Nowadays I find myself smiling with delight when I see a brother saunter casually toward an intersection, arriving at the corner just as the light turns against him, and then stepping smartly into the crosswalk and blocking all those people who had anxiously watched for the green light and stabbed the accelerator with their toes the instant the signal changed. Their cars make a half-jump into flight and then lurch to a stop so as not to hit the errant pedestrian. You can almost hear them cursing him, except that the glass and steel surrounding them is designed so efficiently to cut them off from actually being in contact with us that we cannot hear them. And you can almost see the cartoon-steam blasting out of their ears.

The pleasure I take on these occasions is akin to the anger I feel when, crossing with the light, as I am wont to do, I am startled by a car, especially if it is an SUV, bearing down on me at a reckless speed. These drivers seem to race to the white line that demarks my safety, charging toward a red light and then braking at the last possible moment. My heart always leaps into my throat in the very moment that my peripheral vision picks up this rapidly approaching large metal object. And nowadays rather than scurrying to the curb, which I feel they want me to do (“Get out of my way, low-life!”), I automatically slow my pace to a crawl, sometimes even to a stop, lingering right in front of the offending vehicle’s bumper. I stare through the windshield, sneering at the driver. Sometimes I hold out the index finger of my right hand and shake it at them, as if to say “Tsk-tsk-tsk. Shame on you.”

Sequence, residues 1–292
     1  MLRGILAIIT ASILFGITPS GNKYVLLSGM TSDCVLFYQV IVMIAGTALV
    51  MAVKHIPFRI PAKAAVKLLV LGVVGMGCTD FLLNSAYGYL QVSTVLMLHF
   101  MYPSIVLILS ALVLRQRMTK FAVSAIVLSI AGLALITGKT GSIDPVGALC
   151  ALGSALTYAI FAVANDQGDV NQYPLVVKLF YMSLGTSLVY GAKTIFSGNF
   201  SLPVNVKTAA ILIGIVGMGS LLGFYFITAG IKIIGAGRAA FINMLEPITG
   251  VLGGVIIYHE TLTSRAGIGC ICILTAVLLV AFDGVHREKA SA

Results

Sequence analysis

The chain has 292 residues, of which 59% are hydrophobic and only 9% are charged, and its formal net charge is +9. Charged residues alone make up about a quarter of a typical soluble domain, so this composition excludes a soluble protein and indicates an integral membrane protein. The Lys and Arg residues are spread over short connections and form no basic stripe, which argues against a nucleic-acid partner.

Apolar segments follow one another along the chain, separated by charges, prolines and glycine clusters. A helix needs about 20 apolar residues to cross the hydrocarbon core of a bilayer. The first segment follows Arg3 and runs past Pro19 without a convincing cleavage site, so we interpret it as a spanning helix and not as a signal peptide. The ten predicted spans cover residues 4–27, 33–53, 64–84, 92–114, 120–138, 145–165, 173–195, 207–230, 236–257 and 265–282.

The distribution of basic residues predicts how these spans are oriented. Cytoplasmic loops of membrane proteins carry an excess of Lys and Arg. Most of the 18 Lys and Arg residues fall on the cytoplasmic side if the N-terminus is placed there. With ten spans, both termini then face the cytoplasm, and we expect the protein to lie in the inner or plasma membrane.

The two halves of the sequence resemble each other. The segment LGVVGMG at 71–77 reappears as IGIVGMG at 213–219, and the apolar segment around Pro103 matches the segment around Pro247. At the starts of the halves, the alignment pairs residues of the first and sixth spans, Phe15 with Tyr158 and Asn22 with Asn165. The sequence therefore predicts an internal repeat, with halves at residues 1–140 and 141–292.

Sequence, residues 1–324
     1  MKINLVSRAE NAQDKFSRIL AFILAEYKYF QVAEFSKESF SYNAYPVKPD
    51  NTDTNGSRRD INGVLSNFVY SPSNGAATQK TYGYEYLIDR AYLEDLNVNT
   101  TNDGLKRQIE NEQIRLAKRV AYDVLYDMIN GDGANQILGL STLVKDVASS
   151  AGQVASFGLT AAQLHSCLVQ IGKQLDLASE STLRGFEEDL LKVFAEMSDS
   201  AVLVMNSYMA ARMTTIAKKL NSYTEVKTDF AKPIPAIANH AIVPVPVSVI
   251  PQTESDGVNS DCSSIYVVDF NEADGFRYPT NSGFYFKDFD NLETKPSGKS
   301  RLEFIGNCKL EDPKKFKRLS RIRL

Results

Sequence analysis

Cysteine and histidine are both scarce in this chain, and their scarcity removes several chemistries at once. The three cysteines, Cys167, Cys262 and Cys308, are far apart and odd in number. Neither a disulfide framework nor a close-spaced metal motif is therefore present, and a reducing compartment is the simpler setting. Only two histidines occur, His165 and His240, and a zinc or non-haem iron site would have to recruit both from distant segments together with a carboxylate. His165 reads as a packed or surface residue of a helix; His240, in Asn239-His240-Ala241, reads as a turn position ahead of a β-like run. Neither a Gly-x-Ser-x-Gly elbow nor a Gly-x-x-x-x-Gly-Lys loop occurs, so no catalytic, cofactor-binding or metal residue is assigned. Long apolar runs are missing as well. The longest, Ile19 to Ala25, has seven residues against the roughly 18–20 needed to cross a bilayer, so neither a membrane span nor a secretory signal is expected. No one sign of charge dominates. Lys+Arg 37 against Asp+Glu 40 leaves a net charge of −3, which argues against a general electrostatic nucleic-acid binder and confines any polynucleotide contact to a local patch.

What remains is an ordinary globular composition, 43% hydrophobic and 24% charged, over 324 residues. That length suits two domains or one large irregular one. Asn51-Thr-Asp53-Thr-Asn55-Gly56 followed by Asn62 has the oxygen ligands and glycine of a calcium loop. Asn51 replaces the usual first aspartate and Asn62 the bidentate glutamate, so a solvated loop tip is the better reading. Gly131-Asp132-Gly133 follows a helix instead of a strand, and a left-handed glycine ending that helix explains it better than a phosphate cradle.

The drivers who are in such a hurry now seem to me callous, self-involved, and downright rude. Indeed, they have made me realize that the automobile, quite probably the single most destructive invention ever devised by humans, is the actual demarcation of a class line. Here in the Tenderloin, we pedestrians are the poor, and the cars that rush along our streets carry members of classes that lie at least two or three steps above ours. And in addition to being sealed off from us by these multi-ton boxes in which they ride, the speed at which they move is another clear manifestation of their disdain for us and of their intense desire not to have to interact with us in any kind of personal encounter.

[About the automobile: not only has this invention quite likely destroyed the delicate ecological balance that has provided a habitat in which human beings could flourish, possibly leading to the extinction of the species, but it has also torn apart the web of interactions among individuals that defined our societies. In cities born since the beginning of the twentieth century, individuals now glide past one another encased in tons of glass and steel that prevent communication and even recognition of one another. People no longer exchange ideas and goods and services and opinions and themselves with each other in the kind of public spaces -- market, forum, plaza -- that constituted what a city -- and therefore what a civilization -- was.]

I am reminded of the French aristocrats in the time of Louis XIV to Louis XVI who were carried on the shoulders of two or four strong men through the crowded streets in wooden boxes, “sedan chairs,” holding under their noses oranges studded with cloves, or something else that would give off a strong but pleasant odor, so that they would not  have to see or smell the vulgar masses.

And we all know where their disdain for and indifference to their fellow human beings led them in fairly short order.  [See Accounts Payable.]
So you in your BMWs, Escalades, and Priuses -- how’s that workin’ out for ya?